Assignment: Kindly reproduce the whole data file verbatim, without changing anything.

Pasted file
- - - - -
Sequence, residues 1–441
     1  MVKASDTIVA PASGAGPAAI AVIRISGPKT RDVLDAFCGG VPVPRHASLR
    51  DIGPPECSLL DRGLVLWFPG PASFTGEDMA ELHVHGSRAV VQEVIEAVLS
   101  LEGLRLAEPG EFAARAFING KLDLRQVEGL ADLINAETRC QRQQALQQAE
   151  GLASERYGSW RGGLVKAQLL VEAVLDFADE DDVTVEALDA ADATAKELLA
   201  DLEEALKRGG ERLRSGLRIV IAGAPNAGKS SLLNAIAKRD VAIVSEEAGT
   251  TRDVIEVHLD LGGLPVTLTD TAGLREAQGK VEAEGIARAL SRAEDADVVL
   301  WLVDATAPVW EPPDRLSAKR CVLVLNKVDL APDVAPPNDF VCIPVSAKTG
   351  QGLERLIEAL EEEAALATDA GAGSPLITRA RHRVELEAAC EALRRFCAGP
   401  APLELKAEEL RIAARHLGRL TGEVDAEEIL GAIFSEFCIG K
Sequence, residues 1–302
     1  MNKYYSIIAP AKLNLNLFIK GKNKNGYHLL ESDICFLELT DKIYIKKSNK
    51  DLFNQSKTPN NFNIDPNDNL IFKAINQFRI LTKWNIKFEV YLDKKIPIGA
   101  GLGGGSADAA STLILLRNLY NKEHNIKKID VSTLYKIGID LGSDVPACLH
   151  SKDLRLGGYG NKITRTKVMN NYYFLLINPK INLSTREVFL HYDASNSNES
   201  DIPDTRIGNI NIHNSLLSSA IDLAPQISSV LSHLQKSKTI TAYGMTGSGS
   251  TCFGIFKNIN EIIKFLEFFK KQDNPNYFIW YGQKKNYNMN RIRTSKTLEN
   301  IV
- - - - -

Sequence, residues 1–441
     1  MVKASDTIVA PASGAGPAAI AVIRISGPKT RDVLDAFCGG VPVPRHASLR
    51  DIGPPECSLL DRGLVLWFPG PASFTGEDMA ELHVHGSRAV VQEVIEAVLS
   101  LEGLRLAEPG EFAARAFING KLDLRQVEGL ADLINAETRC QRQQALQQAE
   151  GLASERYGSW RGGLVKAQLL VEAVLDFADE DDVTVEALDA ADATAKELLA
   201  DLEEALKRGG ERLRSGLRIV IAGAPNAGKS SLLNAIAKRD VAIVSEEAGT
   251  TRDVIEVHLD LGGLPVTLTD TAGLREAQGK VEAEGIARAL SRAEDADVVL
   301  WLVDATAPVW EPPDRLSAKR CVLVLNKVDL APDVAPPNDF VCIPVSAKTG
   351  QGLERLIEAL EEEAALATDA GAGSPLITRA RHRVELEAAC EALRRFCAGP
   401  APLELKAEEL RIAARHLGRL TGEVDAEEIL GAIFSEFCIG K
Sequence, residues 1–302
     1  MNKYYSIIAP AKLNLNLFIK GKNKNGYHLL ESDICFLELT DKIYIKKSNK
    51  DLFNQSKTPN NFNIDPNDNL IFKAINQFRI LTKWNIKFEV YLDKKIPIGA
   101  GLGGGSADAA STLILLRNLY NKEHNIKKID VSTLYKIGID LGSDVPACLH
   151  SKDLRLGGYG NKITRTKVMN NYYFLLINPK INLSTREVFL HYDASNSNES
   201  DIPDTRIGNI NIHNSLLSSA IDLAPQISSV LSHLQKSKTI TAYGMTGSGS
   251  TCFGIFKNIN EIIKFLEFFK KQDNPNYFIW YGQKKNYNMN RIRTSKTLEN
   301  IV